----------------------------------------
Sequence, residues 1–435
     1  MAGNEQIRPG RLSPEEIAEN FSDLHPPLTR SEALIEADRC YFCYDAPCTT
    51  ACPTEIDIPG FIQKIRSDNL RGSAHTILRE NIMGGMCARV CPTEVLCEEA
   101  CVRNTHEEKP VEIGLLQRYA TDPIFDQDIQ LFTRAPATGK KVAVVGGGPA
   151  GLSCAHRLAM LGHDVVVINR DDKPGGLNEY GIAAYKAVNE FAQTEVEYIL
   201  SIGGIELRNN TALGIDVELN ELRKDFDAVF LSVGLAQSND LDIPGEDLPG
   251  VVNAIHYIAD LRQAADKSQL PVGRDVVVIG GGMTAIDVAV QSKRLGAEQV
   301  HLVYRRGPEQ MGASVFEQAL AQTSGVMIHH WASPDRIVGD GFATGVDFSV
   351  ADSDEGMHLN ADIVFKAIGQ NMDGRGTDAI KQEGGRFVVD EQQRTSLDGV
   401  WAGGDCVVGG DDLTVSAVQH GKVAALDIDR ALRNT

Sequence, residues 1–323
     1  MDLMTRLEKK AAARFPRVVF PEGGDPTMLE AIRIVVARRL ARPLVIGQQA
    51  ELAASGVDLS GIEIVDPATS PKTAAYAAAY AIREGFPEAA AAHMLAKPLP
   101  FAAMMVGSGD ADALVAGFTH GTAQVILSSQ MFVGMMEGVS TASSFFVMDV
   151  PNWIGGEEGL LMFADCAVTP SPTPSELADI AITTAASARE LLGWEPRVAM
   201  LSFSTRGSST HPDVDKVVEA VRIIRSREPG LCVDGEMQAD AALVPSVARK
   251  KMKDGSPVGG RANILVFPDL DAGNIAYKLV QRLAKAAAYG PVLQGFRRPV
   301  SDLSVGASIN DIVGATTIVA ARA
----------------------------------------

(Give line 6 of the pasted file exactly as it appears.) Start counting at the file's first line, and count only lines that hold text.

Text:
   201  SIGGIELRNN TALGIDVELN ELRKDFDAVF LSVGLAQSND LDIPGEDLPG